by Sukkum Chemjong Limbu

Award-winning Indian designer, Namrata V Shroff is also recognised as an interpreter for child spaces that go beyond the conventional requirements of traditional education. Namrata was born into a family of architects but what makes her different is her insight into people. “Architecture is what I studied and also interior design; I also enjoy studying people,” she says.

Namrata switched careers from modelling to designer and now entrepreneur; this meant unravelling and re-weaving her creative self to bring out the best in each field. She was recently in the capital as a TEDx Durbar Marg speaker.

In this segment, the talented and verstaile designer talks to WOW about her career, child spaces, and her observation of Nepali architecture.

How long have you been in the design field?

Both my parents are architects, and architecture was always what I wanted to study. I have been in this field for more than 20 years. With time my interior architecture practice actually went into a specialty which is childhood spaces. Ever since I stepped into motherhood, I started venturing into child spaces, kids clubs, and kids activity centres in schools and clinics. The architectural spaces that I practice fall for the childhood enhancement and development process.

What is interior design to you?

Essentially interior design and architecture for me are tools to better society. So, I use it as a means to add more value to society and to uplift childhood.

Key elements that you don’t miss while designing…

Well, I don’t confine myself to any particular style. Having said that, my designs are modernist and minimal yet functional. A space has to have lots of storage and be very functional. If I have to pinpoint what my style is, it would be minimal contemporary and I use a lot of art decor elements. Considering childhood spaces, I focus more on how one can learn through play. I wish to emphasise more on child centred attitude, drawings that are very meticulously thought and a lot of visual stimulations. This gives a fascinating space following their personal imagination and creative learning through play. 

How do your children view your designs?

My children are very fascinated by design because they see me working on it. Actually, they help me a lot during the process because through my children’s eyes and perspectives, I am able to see spaces as a child world. A child’s psychology is filled with imagination; hence they are my biggest source of inspiration when it comes to all of my designs. They are like my little junior designers, especially my son as he is a special child.

Suggestions for designing small spaces…

I love designing tight spaces, apartments and what I love about them is that you have to make sure that every part you design will be multitasking. When you design a living room, it can’t be just a living room, it should also be a space where you can work, it can be a place where you can move stuff away and use as a gym area, a place where you can meditate, dance and other activities.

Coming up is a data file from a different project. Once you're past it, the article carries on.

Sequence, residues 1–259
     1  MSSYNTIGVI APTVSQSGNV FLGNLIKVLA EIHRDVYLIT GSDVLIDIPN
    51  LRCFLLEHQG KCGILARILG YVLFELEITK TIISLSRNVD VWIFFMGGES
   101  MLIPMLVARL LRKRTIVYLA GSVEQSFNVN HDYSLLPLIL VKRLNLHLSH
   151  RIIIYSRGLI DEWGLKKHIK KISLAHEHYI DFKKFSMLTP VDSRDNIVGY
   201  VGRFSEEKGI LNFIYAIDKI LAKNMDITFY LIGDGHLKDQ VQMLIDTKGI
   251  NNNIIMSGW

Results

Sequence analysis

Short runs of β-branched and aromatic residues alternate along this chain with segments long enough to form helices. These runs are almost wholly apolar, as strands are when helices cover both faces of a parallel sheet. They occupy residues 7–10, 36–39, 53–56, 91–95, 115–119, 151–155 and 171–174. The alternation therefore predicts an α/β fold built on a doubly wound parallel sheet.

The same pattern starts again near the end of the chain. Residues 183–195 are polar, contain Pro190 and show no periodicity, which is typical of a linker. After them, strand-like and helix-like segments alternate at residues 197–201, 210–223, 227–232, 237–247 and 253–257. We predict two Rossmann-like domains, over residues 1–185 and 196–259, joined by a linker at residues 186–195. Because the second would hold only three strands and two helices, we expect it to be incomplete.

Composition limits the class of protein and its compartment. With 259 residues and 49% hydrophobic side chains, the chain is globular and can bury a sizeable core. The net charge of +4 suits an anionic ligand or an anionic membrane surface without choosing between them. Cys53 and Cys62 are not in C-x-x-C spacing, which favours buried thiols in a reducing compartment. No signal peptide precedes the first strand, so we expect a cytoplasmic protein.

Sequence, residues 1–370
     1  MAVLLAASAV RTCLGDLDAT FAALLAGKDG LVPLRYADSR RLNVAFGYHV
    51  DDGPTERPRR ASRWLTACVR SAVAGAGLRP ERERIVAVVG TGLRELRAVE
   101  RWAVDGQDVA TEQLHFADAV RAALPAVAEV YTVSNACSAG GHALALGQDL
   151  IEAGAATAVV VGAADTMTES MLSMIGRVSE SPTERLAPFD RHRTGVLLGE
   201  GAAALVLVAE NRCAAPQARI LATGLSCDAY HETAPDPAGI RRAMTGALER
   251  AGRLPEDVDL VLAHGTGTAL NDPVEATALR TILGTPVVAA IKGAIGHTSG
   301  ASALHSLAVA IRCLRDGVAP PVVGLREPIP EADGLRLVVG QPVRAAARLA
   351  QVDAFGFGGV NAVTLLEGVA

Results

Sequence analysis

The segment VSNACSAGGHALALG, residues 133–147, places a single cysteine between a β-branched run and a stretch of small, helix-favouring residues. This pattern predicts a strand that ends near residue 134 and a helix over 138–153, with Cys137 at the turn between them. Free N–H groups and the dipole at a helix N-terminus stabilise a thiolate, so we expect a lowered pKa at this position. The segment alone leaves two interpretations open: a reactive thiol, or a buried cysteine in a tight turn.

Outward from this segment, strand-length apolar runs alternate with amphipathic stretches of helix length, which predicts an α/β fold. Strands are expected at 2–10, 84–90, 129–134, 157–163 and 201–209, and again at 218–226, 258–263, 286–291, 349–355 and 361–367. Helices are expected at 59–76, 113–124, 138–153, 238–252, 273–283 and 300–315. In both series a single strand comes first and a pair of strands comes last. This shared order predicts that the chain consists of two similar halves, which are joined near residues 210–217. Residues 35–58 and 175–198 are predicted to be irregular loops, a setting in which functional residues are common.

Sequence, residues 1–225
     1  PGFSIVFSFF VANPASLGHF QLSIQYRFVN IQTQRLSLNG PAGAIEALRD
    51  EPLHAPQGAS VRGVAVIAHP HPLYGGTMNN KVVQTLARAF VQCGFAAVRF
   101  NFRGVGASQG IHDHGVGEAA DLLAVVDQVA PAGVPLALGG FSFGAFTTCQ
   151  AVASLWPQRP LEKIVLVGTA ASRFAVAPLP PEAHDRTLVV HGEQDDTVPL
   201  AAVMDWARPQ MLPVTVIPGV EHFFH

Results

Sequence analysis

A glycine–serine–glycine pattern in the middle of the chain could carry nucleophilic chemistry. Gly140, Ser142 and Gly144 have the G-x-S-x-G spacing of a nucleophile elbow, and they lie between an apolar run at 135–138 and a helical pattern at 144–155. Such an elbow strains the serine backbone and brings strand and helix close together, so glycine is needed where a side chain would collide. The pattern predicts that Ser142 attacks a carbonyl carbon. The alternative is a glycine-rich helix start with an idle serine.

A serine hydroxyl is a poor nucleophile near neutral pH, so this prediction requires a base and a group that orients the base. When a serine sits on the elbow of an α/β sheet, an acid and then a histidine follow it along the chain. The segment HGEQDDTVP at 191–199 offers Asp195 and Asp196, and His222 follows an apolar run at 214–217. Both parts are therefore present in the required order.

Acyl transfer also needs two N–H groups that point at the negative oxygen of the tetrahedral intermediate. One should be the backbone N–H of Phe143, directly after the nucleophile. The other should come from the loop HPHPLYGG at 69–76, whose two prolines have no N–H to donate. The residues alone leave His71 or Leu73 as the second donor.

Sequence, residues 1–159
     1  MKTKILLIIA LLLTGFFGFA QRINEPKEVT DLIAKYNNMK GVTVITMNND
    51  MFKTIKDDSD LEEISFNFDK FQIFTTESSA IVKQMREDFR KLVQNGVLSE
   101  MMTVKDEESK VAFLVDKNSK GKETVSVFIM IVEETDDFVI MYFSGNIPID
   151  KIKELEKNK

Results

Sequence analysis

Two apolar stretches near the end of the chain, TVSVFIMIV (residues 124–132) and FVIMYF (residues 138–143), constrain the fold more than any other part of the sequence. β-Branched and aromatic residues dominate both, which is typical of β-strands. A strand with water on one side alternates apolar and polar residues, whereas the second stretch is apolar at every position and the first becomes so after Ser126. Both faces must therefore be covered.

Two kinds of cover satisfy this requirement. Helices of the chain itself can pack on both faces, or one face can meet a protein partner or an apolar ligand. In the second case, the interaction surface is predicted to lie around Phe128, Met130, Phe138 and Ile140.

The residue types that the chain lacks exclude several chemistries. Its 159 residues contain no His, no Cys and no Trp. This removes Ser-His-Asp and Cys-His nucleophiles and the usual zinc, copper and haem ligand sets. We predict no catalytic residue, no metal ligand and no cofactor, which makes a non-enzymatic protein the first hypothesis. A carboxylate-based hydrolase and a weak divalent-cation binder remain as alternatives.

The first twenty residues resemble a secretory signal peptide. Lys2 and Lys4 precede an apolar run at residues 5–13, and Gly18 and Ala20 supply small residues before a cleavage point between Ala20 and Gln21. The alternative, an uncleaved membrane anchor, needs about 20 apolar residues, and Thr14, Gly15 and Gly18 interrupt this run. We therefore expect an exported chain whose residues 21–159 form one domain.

Tell us about some of your design projects.

My latest design project is not related to interior design, but rather a very creative project. I have launched a Sake which is the first Indian rice Japanese made Sake in the market. It is made by the rice grown near our lake house in India and the product is made in Japan. I am calling it a design project because every aspect of it from the bottle design to marketing and everything that goes behind creating visual representation is mine. In all of that there is design involved and I call it as an entrepreneurial design project. 

What’s the future for design?

I have to admit that the future is really about smart design. For example, your phone designs are made so brilliantly. The days when I was in school, my computer couldn’t do what my phone can do today. So, designs have evolved and now we view it as a solution to a problem. It is a continuous process and will keep progressing in future. We might have to adapt to days when the table will not only be a table but a screen, it can be a giant pad and it comes down to multi functionality. Every space does more than what it should be doing. Multi-function accessories, multi-function spaces, and the most important aspect innovation is the future of design.

Colours that inspire you…

Red is the colour of my soul because red has so much power. It is uplifting, red has so much energy and red is also very calm. It is my happy and lucky colour. Even if I am not able to wear red for specific reasons, the red element has to be there like my painted nails. When I am doing something good, I have to add a splash of the colour. Colours speak to me. 

Has Nepal inspired you in terms of design?

Nepal is inspiring in many ways, be it people, landscapes and architecture. On my last visit to Nepal, we went to Lukla, Namche and also took a chopper and landed on Kala Pathar. A visit to Tara Gaon Museum is next on my list. Nepal has inspired me enough to come back and travel. And I have some of my closest friends in Kathmandu so it’s home away from home.

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